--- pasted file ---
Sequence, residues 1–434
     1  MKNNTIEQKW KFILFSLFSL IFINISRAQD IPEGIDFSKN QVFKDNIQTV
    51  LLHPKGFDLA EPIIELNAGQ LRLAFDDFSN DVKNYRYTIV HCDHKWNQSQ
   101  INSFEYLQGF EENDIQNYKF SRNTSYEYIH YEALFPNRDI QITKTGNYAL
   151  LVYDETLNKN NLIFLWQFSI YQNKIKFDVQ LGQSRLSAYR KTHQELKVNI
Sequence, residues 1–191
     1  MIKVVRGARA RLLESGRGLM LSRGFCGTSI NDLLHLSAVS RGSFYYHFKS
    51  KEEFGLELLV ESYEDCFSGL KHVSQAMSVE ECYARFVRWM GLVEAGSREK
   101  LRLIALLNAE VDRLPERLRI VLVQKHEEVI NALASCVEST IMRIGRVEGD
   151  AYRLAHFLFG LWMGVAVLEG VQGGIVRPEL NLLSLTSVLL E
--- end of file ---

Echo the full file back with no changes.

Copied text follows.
Sequence, residues 1–434
     1  MKNNTIEQKW KFILFSLFSL IFINISRAQD IPEGIDFSKN QVFKDNIQTV
    51  LLHPKGFDLA EPIIELNAGQ LRLAFDDFSN DVKNYRYTIV HCDHKWNQSQ
   101  INSFEYLQGF EENDIQNYKF SRNTSYEYIH YEALFPNRDI QITKTGNYAL
   151  LVYDETLNKN NLIFLWQFSI YQNKIKFDVQ LGQSRLSAYR KTHQELKVNI
Sequence, residues 1–191
     1  MIKVVRGARA RLLESGRGLM LSRGFCGTSI NDLLHLSAVS RGSFYYHFKS
    51  KEEFGLELLV ESYEDCFSGL KHVSQAMSVE ECYARFVRWM GLVEAGSREK
   101  LRLIALLNAE VDRLPERLRI VLVQKHEEVI NALASCVEST IMRIGRVEGD
   151  AYRLAHFLFG LWMGVAVLEG VQGGIVRPEL NLLSLTSVLL E